That night, Cortman and the Hemocytes do not come. Dishevelled and depressed, continues on with his daily routine, with less and less rigour and fervour, until he discovers a response to one of his leaflets.
He stakes out the surrounding area until a woman, Anna, confronts him with a gun. Neville knocks her
out and takes her back to the compound.

She reveals that there is a group of uninfected at another encampment, but Neville doesn’t believe her. That night, again no Hemocytes. He shows her a video, explaining how Cortman was the source vector of the virus. That night he sleeps, recollecting how his wife and daughter died from the virus, and how he’d buried his wife, only to come back as a Hemocyte.

The next night, at dinner, he discovers Anna has betrayed him, drugging him and disabling the alarm system.
Fighting exhaustion from whatever drug he’s been given, Neville battles on, until he passes out. He is lashed to a thick, long wooden pole, and as he’s dragged through the Hemocyte-filled street, he sees his house go up in flames.

… the woman who shows up is a tough, cold, and drug-addicted victim of sexual and physical abuse, but she’s a survivor, hell-bent on protecting her younger brother. In their initial meeting, the creatures take her brother and she assumes he is dead. She finds refuge with Neville and a hesitant relationship builds between them, but that is shattered when the leader of the creatures proves to them that the boy is still alive, held captive in the abandoned hospital that the creatures call home. Neville realizes it’s a trap, but the woman goes after her brother anyway. Neville’s then faced with a test of his humanity… Go after them or survive. Alone. Of course he rescues them and destroys the leader, but what he finds in the hospital is that the creatures are breeding, that they are forming ‘families’, and that forces him to re-evaluate them. Are they monsters? Or just another life form?

Mark Protosevich

He wakes up still tied to the pole, inside a subway, surrounded by a community of fearful and vengeful Hemocytes celebrating his capture. Anna is reunited with her baby brother but Cartman betrays the deal they made, and sends them back into the prison feeding chambers, where drugged uninfected people are bred and milked for their blood.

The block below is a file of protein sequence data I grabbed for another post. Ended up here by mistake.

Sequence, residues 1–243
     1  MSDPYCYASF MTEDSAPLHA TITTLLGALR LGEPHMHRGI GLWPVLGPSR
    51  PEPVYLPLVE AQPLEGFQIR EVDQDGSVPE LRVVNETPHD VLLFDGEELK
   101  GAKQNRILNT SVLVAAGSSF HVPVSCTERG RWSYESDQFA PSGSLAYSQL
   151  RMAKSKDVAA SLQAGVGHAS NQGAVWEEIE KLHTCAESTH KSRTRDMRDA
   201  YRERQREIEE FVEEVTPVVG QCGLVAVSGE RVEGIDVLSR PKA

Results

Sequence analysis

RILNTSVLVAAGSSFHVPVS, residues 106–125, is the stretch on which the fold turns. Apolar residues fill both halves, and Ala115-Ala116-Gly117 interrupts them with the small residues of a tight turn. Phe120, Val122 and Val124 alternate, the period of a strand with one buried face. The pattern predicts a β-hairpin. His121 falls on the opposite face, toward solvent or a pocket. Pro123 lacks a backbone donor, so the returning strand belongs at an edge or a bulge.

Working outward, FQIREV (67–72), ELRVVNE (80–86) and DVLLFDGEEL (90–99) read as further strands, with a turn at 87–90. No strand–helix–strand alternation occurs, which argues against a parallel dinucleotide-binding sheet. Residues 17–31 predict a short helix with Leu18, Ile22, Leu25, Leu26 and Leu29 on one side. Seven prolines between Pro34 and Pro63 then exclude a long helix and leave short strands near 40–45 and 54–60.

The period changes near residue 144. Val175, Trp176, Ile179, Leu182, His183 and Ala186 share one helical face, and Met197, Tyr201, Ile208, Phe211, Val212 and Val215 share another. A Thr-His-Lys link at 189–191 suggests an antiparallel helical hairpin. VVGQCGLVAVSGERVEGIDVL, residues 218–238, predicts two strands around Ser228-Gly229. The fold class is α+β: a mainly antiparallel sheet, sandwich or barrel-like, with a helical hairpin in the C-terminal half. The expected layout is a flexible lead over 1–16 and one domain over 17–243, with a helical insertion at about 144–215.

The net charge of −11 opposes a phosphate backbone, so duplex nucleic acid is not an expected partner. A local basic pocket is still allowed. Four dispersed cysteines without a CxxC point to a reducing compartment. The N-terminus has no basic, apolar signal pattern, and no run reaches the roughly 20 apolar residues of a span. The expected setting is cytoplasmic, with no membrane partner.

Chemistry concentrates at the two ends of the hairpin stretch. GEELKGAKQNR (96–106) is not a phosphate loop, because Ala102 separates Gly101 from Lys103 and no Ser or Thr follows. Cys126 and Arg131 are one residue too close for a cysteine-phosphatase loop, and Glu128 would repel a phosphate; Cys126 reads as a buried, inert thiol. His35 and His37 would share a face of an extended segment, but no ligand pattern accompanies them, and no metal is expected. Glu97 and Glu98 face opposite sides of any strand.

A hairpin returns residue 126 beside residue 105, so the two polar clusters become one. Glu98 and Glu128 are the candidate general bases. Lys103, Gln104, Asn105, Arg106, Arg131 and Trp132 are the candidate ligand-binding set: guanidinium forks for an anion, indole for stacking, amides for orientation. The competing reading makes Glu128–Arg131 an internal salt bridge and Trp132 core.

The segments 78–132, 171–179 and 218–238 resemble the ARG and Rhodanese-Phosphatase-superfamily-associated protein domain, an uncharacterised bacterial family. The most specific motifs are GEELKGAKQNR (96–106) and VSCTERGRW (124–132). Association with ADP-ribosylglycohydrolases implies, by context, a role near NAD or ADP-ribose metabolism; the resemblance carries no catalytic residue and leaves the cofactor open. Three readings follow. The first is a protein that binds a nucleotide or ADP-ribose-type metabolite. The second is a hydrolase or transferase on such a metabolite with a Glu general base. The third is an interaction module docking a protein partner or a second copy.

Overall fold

Tormented and feed on by the Hemocytes, Neville hasn’t said a word since the fight at the house. Christopher approaches him, offering help, but Neville ignores him. That day, as the Hemocytes sleep, Neville pushes out the all-in-one tool from his mouth and cuts himself free.

He returns to the destroyed compound and salvages what he can. He takes his motorcycle and heads to the shore, where the tugboat is waiting. He can leave right then, or he can rescue the uninfected.

He makes his choice.

He pillages a chemical plant and construction yard for supplies. He then raids the subway switching hub and gets the emergency power up and running. Boarding a train he gets it roaring down the tracks, into the underground rail network, bursting into the platform where the Hemocytes have established their village. Neville machine guns and pipe bombs his way to the uninfected conclave. Christopher urges him to take the children, as the adults are too weak.

Nevilles loads Anna, her brother and the children onto the train and gets the train to roar away. Cortman and his acolytes have managed to get on board, and a fight ensues. The train derails and crashes near the beach. The struggle continues from the pier to the lighthouse, where Neville finally kills Cortman with a lightning rod. When he reunites with Anna and the children, the pack of wild Hemocyte dogs confront them, but the pack leader, Neville’s dog, leaves them be.

The group board the tugboat and sail off into the sunrise.

The Scott/Logan Draft